It is highly unlikely you've managed to avoid mention of the daunting scenario of Australia going to war with China in recent weeks, with state media in Beijing blaming "a wave of war propaganda" from Australian media.
According to Nine Newspapers' recent series Red Alert, a war with China could be as little as three years away, with Beijing previously warning it will do what it takes to reunify democratic island state Taiwan with the mainland.
It's a narrative that then defence minister and now Liberal leader Peter Dutton raised eyebrows with as part of the Morrison cabinet as he warned the Australian public needed to be aware of the potential dangers we face.
And while the Coalition were accused of fear-mongering in a bid to win last year's election, it's clear Labor and Prime Minister Anthony Albanese are well aware of China's threat. On Tuesday Mr Albanese executed Australia's historic $368 billion submarine deal, 18 months on from AUKUS's conception amid growing fears of China's influence in the region.
The deal has finally brought about some concrete steps Australia will take to acquire its new fleet of nuclear-powered submarines. However the agreement has left us with as many questions as answers.
One major concern is whether Australia can cope with the magnitude of the project. Professor John Blaxland, from the Australian National University’s Strategic and Defence Studies Centre, says it will be a "tall order" for Australia to meet the employment requirements.
"Our university sector has been for the last 18 months doing some deep thinking about how we generate from scratch nuclear physicists, nuclear scientists, nuclear engineers. This is enormous," he told AAP.
He also has concerns over the US's ability to fit Australia into its already strained production line, which begs the question, will Australia have its state-of-the-art fleet when push comes to shove?
Australia's fleet of Virginia-class submarines is expected to arrive at the earliest 10 years from now. If all the hype of imminent war was to come to fruition, Australia could be scrambling when its most powerful ally, the US, which has vowed to protect Taiwan from China's military, calls for action.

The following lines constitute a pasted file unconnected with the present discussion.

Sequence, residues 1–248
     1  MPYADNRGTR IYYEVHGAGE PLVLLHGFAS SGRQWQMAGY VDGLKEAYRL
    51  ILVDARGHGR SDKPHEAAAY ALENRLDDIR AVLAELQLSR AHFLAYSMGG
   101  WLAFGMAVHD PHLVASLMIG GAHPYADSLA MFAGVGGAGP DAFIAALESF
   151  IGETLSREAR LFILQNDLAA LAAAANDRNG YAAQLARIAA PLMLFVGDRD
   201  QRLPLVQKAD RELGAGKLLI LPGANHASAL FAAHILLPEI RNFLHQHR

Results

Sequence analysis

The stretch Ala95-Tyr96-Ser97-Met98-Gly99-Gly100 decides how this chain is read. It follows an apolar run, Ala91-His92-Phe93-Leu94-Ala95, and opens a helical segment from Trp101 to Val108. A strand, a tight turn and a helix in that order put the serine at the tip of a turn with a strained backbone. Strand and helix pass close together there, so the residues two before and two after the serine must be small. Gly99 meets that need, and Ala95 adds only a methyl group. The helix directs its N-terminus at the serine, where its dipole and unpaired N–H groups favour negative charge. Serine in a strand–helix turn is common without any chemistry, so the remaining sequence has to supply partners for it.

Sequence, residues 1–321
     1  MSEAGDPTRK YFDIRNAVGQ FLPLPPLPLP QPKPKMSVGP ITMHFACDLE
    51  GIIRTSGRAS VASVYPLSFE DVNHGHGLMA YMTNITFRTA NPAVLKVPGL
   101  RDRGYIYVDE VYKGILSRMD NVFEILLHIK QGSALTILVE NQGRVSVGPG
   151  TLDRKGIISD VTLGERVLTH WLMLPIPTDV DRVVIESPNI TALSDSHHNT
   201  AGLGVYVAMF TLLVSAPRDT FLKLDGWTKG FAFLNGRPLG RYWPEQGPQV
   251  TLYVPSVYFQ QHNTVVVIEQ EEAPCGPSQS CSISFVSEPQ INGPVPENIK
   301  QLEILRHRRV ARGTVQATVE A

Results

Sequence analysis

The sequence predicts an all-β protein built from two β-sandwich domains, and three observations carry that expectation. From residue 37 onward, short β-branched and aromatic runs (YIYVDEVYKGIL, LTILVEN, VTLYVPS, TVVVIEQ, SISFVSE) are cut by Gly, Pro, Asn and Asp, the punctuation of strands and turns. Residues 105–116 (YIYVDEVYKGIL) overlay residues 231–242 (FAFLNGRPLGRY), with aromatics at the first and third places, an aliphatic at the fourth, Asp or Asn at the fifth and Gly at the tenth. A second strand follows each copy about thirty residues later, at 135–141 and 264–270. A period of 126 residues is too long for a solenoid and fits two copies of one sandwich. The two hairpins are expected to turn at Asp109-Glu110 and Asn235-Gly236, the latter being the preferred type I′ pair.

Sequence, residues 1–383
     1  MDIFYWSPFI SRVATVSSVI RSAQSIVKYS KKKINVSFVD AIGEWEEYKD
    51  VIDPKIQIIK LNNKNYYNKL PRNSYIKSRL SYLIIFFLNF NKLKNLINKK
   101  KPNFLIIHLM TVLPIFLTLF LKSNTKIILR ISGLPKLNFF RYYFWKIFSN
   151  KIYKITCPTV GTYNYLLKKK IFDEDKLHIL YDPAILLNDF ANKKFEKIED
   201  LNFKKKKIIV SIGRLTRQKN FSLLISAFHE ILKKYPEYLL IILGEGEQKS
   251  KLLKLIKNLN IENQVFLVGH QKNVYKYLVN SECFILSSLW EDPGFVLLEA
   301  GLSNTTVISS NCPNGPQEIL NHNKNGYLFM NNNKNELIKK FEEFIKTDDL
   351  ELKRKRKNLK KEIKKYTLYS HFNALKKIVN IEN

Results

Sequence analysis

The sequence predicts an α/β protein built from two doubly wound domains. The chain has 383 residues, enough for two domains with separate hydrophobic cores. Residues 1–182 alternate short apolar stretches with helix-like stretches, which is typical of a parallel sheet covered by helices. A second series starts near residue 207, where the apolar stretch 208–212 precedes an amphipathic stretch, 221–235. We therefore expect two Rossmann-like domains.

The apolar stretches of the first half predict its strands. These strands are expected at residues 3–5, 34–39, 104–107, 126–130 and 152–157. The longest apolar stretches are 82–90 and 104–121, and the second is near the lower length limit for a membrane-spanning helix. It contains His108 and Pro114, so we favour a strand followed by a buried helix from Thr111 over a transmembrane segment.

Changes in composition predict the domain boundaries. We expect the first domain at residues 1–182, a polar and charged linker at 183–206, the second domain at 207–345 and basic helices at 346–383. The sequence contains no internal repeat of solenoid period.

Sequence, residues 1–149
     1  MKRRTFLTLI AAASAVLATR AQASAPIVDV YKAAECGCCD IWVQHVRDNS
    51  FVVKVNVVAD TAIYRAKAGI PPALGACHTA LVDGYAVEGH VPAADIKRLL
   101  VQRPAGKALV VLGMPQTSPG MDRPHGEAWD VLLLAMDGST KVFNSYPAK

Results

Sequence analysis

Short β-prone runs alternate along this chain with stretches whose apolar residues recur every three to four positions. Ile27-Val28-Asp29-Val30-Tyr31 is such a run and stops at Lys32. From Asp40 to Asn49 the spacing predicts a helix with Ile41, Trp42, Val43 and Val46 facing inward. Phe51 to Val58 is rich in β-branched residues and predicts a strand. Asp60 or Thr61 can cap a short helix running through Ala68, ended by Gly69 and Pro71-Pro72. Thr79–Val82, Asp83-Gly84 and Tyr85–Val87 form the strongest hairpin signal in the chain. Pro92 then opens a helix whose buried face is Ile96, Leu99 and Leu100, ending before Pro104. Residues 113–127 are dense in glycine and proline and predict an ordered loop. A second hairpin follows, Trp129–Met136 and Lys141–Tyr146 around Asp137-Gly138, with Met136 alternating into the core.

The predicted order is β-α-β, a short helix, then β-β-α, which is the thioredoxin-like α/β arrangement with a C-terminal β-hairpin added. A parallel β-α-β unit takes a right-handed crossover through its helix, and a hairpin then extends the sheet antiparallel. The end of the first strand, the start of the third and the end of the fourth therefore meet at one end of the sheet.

AUKUS intent enough to dissuade China, expert says
However Wen-Ti Sung, sessional lecturer in Taiwan Studies at the Australian National University, told Yahoo News Australia merely announcing the AUKUS deal on Tuesday was serious food for thought for Beijing, and President Xi Jinping has indicated military conflict was not in his plans during the next five years.
"A Chinese invasion of Taiwan is a low likelihood event over the next few years," he said.
"Judging from Xi Jinping's address at China's National People's Congress, Beijing has shown no interest in launching military invasion of Taiwan during Xi's third term.
"China's intention is fluid of course and can be shaped by both objective military power and perceived subjective intent of Taiwan's friends. In that sense, AUKUS making another major step forward sends a strong signal about their intent to stay engaged in the region and helps dissuade Beijing from military adventurism, even if the concrete military acquisition won't happen until the 2030s."
However the Australian Strategic Policy Institute (ASPI) is not as convinced.
Senior analyst Malcom Davis told Bloomberg Australia is playing catch-up as China presses on with its sizeable military expansion as well as strategic operations in the disputed South China sea.
China has already showcased its prowess with a military muscle flex in the wake of former House Speaker Nancy Pelosi's controversial Taiwan visit last year.
“China is not the old China of 120 years ago, and we are not Iraq, Syria or Afghanistan — we will not allow any foreign force to bully, suppress or enslave us,” then Chinese Foreign Ministry spokesperson Hua Chunying said at the time.
“Whoever wants to do so will be on a collision course with the Great Wall of steel forged by the 1.4 billion Chinese people.”
'Boundaries being tested' in the region
David Chen of CENTRA Technology, which offers national security research and analysis, warned at the time the region has now entered "a risky period of testing boundaries and finding out who can achieve escalatory dominance across the diplomatic, military and economic domains".
For Davis, that period could boil over prior to the submarines' arrival.
“The nuclear subs would turn up too late to deal with the challenges we’re going to face this decade," he warned.
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